I work at a large company now and when having conversations with my friends they would often express surprise at my decision to do so. Up until now I’ve only done creative freelance work, or worked at small startups because I wanted to have creative input. I had an expectation that because I was doing client work or working directly with the owner of the company that my ideas would be heard, but I would say my experiences haven't met these expectations. This jadedness has lead me to fall into state I call mercenary mode: I’ve cut my feelings toward a project and approach my work with a cold distance, whatever my client or manager wanted me to do, I would just implement. And this was my reasoning for joining a big company, if my ideas weren’t going to be heard either way, I’d rather be at a place with more structure and downtime.
These days I contemplate going back to creative work. On one hand I feel most fulfilled doing creative work, on the other hand doing operations at a large company is very straightforward and stress-free, I would even say its enjoyable. When I do humor myself at the thought of doing creative work again I will inevitably feel cynicism thinking back to the many ideas I’ve brought up with excitement and sincerity only to have them be turned down.
I do, however, question the validity of my frustration. Are my feelings toward wanting to have my idea heard valid? In an interview with Rene Ritche, Apple Designer May-Li Khoe expressed astonishment at the fact that other designers are upset with having to do work that eventually gets thrown in the trash. She says that 99% of her work gets thrown in the trash and that's the normal.
And maybe this is what it takes? Maybe the right mindset is to be okay with knowing it takes having 99 ideas turned down, or having 99 prototypes trashed to have a chance at that 1 project completed the way I envisioned. Maybe this is the price paid to be a creative.
I am sure that if everyone do his/her best work - our life will become much easier and better. Thanks for sharing with us this interesting and quite useful information about writing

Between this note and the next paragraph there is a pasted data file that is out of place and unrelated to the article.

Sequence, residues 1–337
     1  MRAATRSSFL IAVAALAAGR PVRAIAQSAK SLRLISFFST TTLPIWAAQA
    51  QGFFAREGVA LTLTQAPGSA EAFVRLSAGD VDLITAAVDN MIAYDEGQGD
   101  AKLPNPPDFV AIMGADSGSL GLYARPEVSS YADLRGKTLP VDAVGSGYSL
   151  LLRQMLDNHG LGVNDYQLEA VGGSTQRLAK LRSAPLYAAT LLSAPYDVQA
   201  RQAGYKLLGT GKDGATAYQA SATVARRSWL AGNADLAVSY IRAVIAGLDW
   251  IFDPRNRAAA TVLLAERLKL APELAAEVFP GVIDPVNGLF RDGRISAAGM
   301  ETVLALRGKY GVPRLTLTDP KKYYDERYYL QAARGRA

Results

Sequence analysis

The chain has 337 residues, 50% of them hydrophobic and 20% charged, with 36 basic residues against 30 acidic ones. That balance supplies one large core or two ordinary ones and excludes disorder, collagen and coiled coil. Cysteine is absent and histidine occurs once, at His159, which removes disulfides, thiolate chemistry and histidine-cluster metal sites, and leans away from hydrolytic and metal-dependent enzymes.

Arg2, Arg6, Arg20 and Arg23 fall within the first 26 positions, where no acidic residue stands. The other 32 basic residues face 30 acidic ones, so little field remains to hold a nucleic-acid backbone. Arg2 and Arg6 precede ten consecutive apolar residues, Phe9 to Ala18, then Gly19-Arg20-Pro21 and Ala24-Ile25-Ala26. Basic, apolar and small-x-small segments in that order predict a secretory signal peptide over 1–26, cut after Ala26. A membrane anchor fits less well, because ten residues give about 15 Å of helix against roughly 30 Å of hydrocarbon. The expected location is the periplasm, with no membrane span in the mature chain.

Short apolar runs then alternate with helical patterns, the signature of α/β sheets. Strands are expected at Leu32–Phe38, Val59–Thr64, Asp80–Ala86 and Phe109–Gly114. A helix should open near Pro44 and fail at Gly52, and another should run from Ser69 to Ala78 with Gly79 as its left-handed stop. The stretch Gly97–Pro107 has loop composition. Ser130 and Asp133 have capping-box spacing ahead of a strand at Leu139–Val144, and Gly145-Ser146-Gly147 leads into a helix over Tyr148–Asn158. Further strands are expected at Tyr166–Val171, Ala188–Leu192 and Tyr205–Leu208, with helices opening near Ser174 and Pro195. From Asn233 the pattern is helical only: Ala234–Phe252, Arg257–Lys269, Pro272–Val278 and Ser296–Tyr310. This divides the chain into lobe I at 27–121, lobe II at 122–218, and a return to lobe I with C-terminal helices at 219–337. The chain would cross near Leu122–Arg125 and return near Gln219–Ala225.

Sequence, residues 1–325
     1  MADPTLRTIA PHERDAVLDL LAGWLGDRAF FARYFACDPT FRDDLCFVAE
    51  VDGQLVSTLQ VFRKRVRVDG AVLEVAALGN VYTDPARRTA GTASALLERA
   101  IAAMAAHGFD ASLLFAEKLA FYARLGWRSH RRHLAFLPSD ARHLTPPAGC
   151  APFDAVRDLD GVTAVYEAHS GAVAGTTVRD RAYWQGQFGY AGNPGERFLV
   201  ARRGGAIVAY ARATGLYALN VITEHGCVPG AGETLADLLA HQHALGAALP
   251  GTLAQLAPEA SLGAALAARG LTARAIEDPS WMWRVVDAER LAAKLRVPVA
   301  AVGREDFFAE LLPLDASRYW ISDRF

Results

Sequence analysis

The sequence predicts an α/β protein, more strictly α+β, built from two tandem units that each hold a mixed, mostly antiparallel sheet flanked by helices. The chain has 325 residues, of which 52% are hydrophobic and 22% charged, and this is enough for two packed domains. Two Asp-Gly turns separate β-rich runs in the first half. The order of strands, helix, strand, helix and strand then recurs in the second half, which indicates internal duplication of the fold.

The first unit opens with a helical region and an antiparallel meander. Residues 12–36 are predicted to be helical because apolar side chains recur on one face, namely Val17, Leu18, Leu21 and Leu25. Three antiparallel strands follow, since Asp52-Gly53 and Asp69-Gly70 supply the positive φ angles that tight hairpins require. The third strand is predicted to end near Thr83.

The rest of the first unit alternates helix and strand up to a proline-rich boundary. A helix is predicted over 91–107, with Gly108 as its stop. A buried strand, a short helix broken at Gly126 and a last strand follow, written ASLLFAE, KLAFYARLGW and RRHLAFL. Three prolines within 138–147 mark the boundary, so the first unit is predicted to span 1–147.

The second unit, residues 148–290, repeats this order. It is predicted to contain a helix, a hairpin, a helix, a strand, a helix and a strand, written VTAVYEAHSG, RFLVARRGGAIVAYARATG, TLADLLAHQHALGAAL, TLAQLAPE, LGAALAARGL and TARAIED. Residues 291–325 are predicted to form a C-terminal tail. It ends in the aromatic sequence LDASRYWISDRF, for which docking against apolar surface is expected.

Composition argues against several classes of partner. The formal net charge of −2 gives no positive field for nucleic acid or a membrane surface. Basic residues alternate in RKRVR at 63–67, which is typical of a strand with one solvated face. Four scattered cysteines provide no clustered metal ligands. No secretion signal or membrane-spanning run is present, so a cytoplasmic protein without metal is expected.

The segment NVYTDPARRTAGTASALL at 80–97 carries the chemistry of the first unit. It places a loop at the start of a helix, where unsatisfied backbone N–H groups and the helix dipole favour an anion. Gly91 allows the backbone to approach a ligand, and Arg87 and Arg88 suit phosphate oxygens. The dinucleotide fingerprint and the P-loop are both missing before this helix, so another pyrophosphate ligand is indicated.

I think I’ve finally crossed the path out of complete beginner. I closed my first client two weeks ago, got paid for the first time last week, and I’m waiting for 3 potential clients to sign and pay the deposit. For a while I thought I’d be sending out cold emails forever. I also thought I’d be clueless when pitching to clients forever. Now, my hands still jitter when I walk into a meeting, but I enjoy pitching to clients face to face now. I can honestly say that the thought “Why do I have to meet them in person, can’t I just pitch to them through email?” has completely left my mind.
There’s a few things I’ve noticed from my progression that I’d like to highlight:
-I’ve found books like The Sales Bible, Selling to Vito, Spin Selling to be very boring. I learned the most about sales from Ramit Sethi’s creative live session. (Note: I would get Earn1k but I can’t afford it. Also, I don’t really like Ramit, or his blog. I find his style of writing arrogant and his free material gimmicky. But his creative live session really is what’s helped me the most).
-When starting out, it’s very tricky to balance doing work for cheap to get experience, and saying no to jobs that constrict you in pay and/or creativity.
-Mentors save you a lot of time, although, finding a good mentor is really hard. I was asking everyone for advice: my professors, my parent’s friends, friends, even strangers at networking events.
Yesterday in "Prioritizing" I wrote -
I think most people are at, maybe, 10% of their max capability. Probably more like 2%. That’s where most of my life I’ve been. Lately I’m near 40-50%? It’s intense. Better technology, better coordination, better planning are all necessary.
It didn't occur to me as anything important at the time - just a line thrown into a post on prioritizing. A few people have mentioned it -
Your 2% vs. 50% comment struck me as interesting.
Do you have experience being 2% productive? It would be interesting to hear from you exactly how you are different.